Third Edition of the Bucholtz-Ludwig Map of 1858
"Virginia Military Institute Map of Virginia Compiled Chiefly from C.L. Ludwig's Map, and from Other More Recent Data...", Maury, M. F.
Subject: Virginia, Civil War Reconstruction
Period: 1868 (dated)
Publication: Physical Survey of Virginia...
Color: Hand Color
35.2 x 18.8 inches
89.4 x 47.8 cm
This detailed map of the state was issued shortly after the conclusion of the Civil War and, according to Bill Wooldridge's excellent article in the Portolan, is the third edition of the Bucholtz-Ludwig map of 1858. It is the same width as the original Bucholtz map but about 5" shorter, and a new title imprint has replaced the old table of railroads. In 1868 General Francis Smith, Superintendent of the Virginia Military Institute, convinced Maury to return to Virginia (from England) to become a Physics professor and produce a "Physical Survey of Virginia." The survey was intended to aid in Virginia's recovery from the Civil War with the goal of developing "the physical resources of the State, to make known its geography, and to point out the great commercial advantages which naturally arise from its situation with regard to the sea and the interior." While the original goal of both Smith and Maury was to carry out brand new surveys and triangulations, the reality was that Maury was only given 6 months to complete the task. Given the tight timeline, Maury elected to use Ludwig's map with some modifications, and gives credit to Ludwig as the engraver.
Cartographically, the map extends west through the unnamed West Virginia to the Ohio River with Virginia counties highlighted in hand color. A key at left identifies towns, cities, completed railroads, proposed railroads, canals, hot springs, and more. Of particular interest in this example is the erroneous state border that locates Alleghany, Bath and Highland counties in West Virginia that was accidentally held over from Ludwig's earlier map. While Maury corrects this to a degree by coloring these counties to be part of Virginia, the engraved state border is clearly visible on the eastern edge of these counties. Also of interest is the use of color (not defined in the key) to highlight specific railroads and canals of importance including a rail line to the coal riches of southwest Virginia and both a potential railroad and canal extending to the Ohio River. Completing a communication with the Ohio River would have opened up a new trade route between the Mississippi River and Atlantic Ocean, and resulted in tremendous benefit to the state's economy.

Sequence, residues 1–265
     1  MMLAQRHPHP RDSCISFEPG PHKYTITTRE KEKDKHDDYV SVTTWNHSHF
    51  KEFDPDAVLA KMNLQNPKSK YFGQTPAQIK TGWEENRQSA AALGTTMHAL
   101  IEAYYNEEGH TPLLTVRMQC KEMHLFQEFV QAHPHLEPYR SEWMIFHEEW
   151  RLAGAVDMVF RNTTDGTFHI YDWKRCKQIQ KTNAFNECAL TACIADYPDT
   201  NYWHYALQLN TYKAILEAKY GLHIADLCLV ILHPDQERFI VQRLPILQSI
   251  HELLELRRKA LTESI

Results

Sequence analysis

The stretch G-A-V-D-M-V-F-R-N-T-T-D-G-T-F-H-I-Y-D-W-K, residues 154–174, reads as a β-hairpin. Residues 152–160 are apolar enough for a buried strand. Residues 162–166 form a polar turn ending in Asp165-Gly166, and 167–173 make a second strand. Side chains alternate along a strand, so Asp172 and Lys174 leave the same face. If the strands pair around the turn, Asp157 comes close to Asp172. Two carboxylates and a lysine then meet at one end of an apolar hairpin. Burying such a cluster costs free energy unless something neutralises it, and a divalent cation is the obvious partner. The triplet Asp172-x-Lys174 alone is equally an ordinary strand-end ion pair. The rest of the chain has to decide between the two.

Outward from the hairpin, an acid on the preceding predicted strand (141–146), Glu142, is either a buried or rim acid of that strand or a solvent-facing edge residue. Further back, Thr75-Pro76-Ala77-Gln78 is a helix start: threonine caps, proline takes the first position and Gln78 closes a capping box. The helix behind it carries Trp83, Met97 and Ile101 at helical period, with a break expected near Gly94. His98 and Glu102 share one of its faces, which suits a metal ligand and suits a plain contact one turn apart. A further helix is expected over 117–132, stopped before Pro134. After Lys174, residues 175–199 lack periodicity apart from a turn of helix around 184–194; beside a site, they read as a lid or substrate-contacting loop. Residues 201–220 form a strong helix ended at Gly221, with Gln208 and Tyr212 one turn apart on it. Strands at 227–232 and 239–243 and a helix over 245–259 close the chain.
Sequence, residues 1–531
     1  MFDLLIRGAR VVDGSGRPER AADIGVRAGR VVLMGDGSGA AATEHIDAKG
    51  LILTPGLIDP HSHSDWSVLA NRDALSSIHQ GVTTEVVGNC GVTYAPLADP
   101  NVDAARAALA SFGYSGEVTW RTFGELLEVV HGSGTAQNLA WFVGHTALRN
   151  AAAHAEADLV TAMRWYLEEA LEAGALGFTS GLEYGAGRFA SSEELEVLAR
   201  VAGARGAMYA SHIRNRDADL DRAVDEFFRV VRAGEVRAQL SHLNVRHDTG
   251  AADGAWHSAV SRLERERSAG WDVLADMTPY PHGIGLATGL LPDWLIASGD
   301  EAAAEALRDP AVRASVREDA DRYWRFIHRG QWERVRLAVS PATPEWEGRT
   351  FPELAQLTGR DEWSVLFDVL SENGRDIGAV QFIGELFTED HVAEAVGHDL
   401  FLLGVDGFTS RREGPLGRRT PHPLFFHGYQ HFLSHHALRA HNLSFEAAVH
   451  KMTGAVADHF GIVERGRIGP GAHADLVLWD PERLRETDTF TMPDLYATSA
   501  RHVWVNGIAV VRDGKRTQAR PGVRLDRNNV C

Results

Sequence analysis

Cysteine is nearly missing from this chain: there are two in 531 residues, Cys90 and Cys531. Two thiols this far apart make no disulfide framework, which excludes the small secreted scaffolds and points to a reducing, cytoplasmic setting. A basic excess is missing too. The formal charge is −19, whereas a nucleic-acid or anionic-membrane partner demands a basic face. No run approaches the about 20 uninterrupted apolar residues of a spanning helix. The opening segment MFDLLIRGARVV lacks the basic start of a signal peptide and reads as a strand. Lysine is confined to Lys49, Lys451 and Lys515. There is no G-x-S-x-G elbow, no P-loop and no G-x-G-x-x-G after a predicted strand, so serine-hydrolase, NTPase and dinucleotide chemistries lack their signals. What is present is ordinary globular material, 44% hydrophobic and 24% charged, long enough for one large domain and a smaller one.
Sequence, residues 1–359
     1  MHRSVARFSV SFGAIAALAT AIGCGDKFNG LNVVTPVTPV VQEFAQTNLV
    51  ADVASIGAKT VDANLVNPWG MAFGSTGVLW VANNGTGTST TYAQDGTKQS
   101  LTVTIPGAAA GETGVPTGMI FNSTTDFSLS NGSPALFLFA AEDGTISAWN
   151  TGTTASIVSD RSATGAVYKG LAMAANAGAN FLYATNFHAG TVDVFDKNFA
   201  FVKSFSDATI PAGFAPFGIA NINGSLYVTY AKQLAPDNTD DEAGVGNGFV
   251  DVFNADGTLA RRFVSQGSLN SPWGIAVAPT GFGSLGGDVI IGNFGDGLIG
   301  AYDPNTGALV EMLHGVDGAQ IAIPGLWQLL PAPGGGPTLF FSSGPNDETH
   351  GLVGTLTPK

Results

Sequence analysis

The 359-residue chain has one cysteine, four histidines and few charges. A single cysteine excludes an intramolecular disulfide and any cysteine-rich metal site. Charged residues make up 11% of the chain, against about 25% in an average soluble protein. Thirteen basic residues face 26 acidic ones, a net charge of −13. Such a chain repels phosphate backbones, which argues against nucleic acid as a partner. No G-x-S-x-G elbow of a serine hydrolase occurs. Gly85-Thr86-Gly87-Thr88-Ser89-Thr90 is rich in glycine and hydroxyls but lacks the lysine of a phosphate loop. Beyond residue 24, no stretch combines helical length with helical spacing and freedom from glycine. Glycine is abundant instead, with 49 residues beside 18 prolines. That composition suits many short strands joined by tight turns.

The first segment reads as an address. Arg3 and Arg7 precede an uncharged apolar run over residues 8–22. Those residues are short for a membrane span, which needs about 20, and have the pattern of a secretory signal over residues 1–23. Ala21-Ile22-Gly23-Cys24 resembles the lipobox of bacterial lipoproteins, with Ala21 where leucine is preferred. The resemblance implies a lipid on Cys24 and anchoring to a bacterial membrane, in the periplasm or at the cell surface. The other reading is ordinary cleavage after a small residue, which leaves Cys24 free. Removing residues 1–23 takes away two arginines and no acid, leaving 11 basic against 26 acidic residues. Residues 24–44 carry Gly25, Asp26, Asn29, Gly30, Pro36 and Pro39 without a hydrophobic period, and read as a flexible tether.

Matthew Fontaine Maury (1806-73) was Superintendent of the U.S. Naval Observatory from 1842-1861. In 1855 he published his Physical Geography of the Sea, which was the first comprehensive book on oceanography. Prior to his role at VMI (1868-73), Maury was a Commander in the Confederate Navy.
There has been only one dealer listing and no auction records for this map in the last 35 years. Click here for an example of the 1858 Bucholtz-Ludwig map offered in a previous auction.
References: Wooldridge (Portolan - Spring 2007) pp. 26-39; Stephenson & McKee, p. 268; Phillips (Maps) p. 990.
Issued folding and now flattened with expert repairs on verso to numerous small fold separations at top and right. Four small areas of loss at top right have been professionally reinstated in facsimile. There is light staining and foxing, and the map has been fully encapsulated in Mylar.